Seemingly made as a knockoff of Joy Ride, which reached audiences in the fall of 2001, Road Rage was actually a television film, released theatrically in South Korea and direct-to-DVD elsewhere in 2000. Thus, this Sidney J. Furie helmed action-terror hybrid was actually filmed a good year or two before Paul Walker and Steve Zahn ever contemplated that very revealing walk into a roadside diner.
Fortunately for fans of grilled cheese, as action orientated as this piece tries to be (with vigorous chase scenes occurring both on major thoroughfares and dusty country lanes), what may be most notable about this stalk and crash epic is the truly inappropriate casting. Lead Casper Van Dien was at least 30 years old at the time of filming – thus way, way too old to play the endangered college student that he portrays here. But he attacks his role with professional enthusiasm and, faint praise resonating, is actually probably the youngest looking of his co-stars. This includes heroine Danielle Brett, whose film career would only last another year or so. Van Dien also does a heroic, if losing, battle with the neon crayola dye job someone gave his professionally pompadoured hair.
Nicely, Catherine Oxenberg, famously the star’s wife at the time, shows up as a noticeably glamorous forest ranger who, unsurprisingly, meets a violent end at the wheels of the characters that are vengefully pursuing Van Dien’s Jim Travis.
Lest one thinks these are damning points, these often ridiculous circumstances are actually the reasons why films like this are so enjoyable, making them worth a look or two on those nights of relentless sleeplessness and morbidly existential despair.
Until the next time, SWEET love and pink GRUE, Big Gay Horror Fan!
It’s cool that a “woof” on the Scruff app of my phone means that some dude 3000 miles away from me thinks that I’m hot. But, in all honesty, it’s a magazine like Woof! Dog Eat Cinema Magazinethat truly brings out the beast in me!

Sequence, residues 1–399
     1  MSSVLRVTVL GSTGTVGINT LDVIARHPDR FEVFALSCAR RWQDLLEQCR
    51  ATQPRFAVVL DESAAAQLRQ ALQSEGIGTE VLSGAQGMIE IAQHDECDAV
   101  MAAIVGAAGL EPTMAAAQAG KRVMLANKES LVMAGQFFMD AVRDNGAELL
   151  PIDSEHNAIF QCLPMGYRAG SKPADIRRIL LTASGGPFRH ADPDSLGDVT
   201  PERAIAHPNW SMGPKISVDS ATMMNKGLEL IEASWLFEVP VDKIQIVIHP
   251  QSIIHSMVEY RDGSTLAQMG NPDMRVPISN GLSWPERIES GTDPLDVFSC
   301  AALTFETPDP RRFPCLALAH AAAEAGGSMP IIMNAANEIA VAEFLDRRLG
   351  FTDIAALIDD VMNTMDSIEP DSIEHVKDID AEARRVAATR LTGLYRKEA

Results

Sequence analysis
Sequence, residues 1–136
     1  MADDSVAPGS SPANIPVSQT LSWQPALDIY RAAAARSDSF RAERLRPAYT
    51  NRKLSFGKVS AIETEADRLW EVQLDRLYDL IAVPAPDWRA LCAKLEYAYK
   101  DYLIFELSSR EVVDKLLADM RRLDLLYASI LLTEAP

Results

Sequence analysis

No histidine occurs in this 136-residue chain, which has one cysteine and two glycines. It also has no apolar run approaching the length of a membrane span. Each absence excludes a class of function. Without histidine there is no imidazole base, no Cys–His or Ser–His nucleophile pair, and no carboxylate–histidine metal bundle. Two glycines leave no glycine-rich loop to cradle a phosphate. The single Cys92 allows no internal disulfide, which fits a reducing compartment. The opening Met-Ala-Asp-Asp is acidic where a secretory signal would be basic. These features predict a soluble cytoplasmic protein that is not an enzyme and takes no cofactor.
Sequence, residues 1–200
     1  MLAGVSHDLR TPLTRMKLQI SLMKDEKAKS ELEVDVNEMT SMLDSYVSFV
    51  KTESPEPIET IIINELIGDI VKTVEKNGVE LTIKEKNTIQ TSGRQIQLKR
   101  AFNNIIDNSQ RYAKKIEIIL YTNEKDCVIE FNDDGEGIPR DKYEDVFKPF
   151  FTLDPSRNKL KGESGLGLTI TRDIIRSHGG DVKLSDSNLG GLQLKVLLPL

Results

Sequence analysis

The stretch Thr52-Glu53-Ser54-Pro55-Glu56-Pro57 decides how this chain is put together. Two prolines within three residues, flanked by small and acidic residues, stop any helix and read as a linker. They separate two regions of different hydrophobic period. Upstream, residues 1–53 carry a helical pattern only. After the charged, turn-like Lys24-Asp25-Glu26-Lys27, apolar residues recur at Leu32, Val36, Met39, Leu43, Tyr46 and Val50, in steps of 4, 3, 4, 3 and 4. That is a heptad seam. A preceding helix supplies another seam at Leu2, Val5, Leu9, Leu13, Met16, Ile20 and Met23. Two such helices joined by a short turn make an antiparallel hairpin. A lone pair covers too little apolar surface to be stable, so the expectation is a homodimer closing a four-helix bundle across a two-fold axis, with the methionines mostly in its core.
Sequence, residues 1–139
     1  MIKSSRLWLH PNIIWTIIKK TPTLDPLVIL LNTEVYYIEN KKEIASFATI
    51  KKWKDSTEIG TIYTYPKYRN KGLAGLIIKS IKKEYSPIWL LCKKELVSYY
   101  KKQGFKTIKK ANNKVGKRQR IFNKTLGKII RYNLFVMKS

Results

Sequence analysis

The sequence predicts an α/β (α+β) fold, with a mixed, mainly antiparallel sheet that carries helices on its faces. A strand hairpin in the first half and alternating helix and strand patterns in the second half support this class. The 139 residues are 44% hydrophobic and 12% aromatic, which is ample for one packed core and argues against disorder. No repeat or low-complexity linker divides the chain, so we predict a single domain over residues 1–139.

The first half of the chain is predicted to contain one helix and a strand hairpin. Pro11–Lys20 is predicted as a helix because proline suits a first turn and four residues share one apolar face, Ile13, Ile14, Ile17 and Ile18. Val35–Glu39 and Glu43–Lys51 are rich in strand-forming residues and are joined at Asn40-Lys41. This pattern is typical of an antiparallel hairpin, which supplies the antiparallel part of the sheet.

Coming straight from the dirty sheets of The Netherlands, courtesy of editor-creator Hans Minkers, this publication is perfectly pulsating with provocatively illustrated articles on everything from post apocalyptic roller skate movies to the filmic output of Draculina publisher Hugh Gallagher. You can also find substantive reports on the movies of Andy Milligan (Issue #4, Hans Van De Broeck) and the creations of director-producer Johan Vandewoestijne (Issue #5, Van De Broeck), one of the men responsible for the popular Troma title Rabid Grannies.
As someone who prides himself on owning as many variants of Alice, Sweet Aliceon tape as possible, I also love how each issue focuses on a different VHS collector, honing in on their special interests and passion films. Minkers also is the force behind one of the more enjoyable regular features, Whatever Lola Wants. Here, he reviews a VHS from his collection that has been chosen by his 4 year old daughter. Thus, we are treated to explorations of films as varying as Clue and Stephen Spielberg’s Duel.
Nicely, decadent artwork is one of the primary focuses of this vibrant creation, as well. Sane Van Der Horst’s howlingly phallic creation in Issue #3 is a standout while Printsploitation founder Scott R. Miller contributes a centerfold full of unique performers for the publication’s latest issue. Willie Darktrousers also comes up with some enjoyably monstrous creations for the Gallagher feature.
And while the sleaze and grease of psychotic celluloid aberrations fully populate this enterprise, the feministic perspective is not ignored here. Laura Louwes is always on hand to give smart and fun reactions to classic porn titles with A Woman’s Perspective.